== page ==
Renew a team’s focus on the company mission, why they do what they do and what impact they have on customers.

Five months into the current health and U.S. economic crisis, companies are facing new challenges to keep employees engaged in a remote or hybrid environment, maintain a high level of energy among sales teams, and prevent work-from-home burnout.

Here are some of the approaches suggested by our portfolio company CEOs and CROs during recent virtual collaboration sessions to address these challenges.

Strategies to Promote Mental, Emotional and Physical Health:

  1. Frequent check-ins with individual employees are still paramount, as is extensively reinforcing Employee Assistance Programs to make sure they are taking advantage of available resources to support their mental, emotional and physical health.
  2. Skip-level meetings can help employees feel more connected to leadership and can enable conversations focused on their mental health. For example, direct managers can cover pipeline updates with sales reps during daily or weekly check-ins, but having CROs or VPs meet with reps can ensure senior-level attention is given to their mindset and attitude.
  3. Give extra days off to employees if they aren’t taking vacation days while remote.
  4. Invite employees to suggest resources like meditation and yoga instructors that can help employees stay healthy. The effort doubles as a way to support local independent business owners, as well.
  5. Consider a quarterly, if not monthly, talent review like a 9-Box exercise not only to look at performance but also attitude and engagement. See where top performers intersect with attitude issues, then make the effort to get to the root of their struggles and uncover individual solutions.

Having CROs or VPs meet with sales reps can ensure senior-level attention is dedicated to their mindset and attitude.

Tactics to Keep Sales Professionals Fresh and Motivated:

  1. A sales re-kickoff can renew a team’s focus on the company mission, why they do what they do and what impact they have on customers. Share customer success stories large and small to remind them of their power to make a difference.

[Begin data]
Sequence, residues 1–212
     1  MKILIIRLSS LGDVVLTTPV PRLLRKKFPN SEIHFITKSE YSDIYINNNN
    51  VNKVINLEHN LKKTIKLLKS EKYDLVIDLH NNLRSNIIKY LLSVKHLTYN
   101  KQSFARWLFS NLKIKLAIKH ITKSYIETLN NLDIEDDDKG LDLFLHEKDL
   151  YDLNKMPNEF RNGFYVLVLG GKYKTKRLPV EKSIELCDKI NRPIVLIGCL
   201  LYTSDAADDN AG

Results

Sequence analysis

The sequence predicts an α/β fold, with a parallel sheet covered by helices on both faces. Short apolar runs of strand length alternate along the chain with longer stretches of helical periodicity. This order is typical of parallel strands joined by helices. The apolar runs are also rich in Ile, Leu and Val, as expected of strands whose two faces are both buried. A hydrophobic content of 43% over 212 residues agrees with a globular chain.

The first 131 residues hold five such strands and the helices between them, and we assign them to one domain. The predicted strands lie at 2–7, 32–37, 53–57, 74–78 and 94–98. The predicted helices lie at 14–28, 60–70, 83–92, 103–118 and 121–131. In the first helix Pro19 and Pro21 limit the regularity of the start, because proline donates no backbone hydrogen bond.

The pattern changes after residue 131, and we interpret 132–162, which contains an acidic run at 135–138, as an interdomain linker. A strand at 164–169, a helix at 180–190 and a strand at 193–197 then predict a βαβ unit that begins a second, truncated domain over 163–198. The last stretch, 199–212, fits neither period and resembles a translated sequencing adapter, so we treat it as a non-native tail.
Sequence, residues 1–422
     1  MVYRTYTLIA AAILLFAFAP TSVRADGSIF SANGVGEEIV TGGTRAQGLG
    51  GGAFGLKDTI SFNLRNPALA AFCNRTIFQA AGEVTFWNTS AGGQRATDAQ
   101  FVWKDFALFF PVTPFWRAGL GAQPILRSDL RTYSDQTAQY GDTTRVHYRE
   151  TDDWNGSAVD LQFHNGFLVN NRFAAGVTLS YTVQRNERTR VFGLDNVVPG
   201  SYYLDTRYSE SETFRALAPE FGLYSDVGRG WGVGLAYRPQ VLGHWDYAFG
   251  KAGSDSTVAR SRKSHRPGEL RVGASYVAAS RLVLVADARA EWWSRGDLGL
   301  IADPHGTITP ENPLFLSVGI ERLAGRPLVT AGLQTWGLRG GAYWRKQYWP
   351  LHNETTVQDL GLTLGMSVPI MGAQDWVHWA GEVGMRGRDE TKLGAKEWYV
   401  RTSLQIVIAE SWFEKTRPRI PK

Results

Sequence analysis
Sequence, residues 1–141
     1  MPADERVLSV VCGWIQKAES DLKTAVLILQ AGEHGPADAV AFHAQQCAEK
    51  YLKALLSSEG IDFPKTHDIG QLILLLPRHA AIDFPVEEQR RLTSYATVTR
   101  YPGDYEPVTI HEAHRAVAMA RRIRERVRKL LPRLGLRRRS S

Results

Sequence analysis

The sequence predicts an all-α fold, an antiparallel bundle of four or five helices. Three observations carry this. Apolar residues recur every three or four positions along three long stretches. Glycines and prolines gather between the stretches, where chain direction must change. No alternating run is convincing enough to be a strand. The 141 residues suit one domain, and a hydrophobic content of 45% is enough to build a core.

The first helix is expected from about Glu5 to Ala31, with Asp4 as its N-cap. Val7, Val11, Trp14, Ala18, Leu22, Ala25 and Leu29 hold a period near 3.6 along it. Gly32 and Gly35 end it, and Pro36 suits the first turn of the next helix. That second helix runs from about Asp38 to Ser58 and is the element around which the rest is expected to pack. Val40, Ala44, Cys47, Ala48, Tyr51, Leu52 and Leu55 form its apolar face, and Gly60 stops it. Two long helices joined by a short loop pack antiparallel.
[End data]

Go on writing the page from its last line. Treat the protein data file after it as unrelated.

2. Hold highly actionable but bite-sized sales enablement and training. Rather than just giving them instruction from leadership, ask reps to give their pitches live and then have the team offer real-time feedback based on what they’ve seen work lately. Don’t give sales reps more than a day’s notice so they can’t over-prepare.
  3. In the absence of travel-related performance incentives, share the cash value of the reward with the sales reps or other employees and let them identify something physical and personally meaningful to them to have paid for.

Ways to Engage Large Groups or a Full Staff:

  1. Predictable cadences for virtual town halls or other large group meetings improves overall employee engagement, as does keeping them short and focused. Some examples:
  2. Many companies shifted from their traditional one or two-hour, quarterly town halls to weekly sessions of 15-30 minutes. It has enabled more frequent updates on KPIs and products, discussion on issues of the day, a chance to celebrate smaller and more frequent wins, and made a significant impact on engagement.
  3. Others deployed Workplace by Facebook and found it to be an effective tool for employee engagement and interaction on many levels, including weekly videos from the CEO on key updates, metrics and new issues.
  4. The Donut app on Slack is being used create chance encounters among employees that help replace office drop-bys or coffee machine conversations. Donut sets up 3-person random conversations once per week and has received very positive feedback from employees.

Here’s the Bottom Line.

As businesses continue to adjust – and readjust – to ever-evolving conditions, new challenges arise across all areas of our businesses each day. LLR will continue to bring together the leaders of our portfolio companies to support each other with creative ideas, anecdotes of what’s working and what’s not, and a collaborative network to keep asking questions. We hope to pass along more insights, both large and small, to help other businesses get through these most unique times.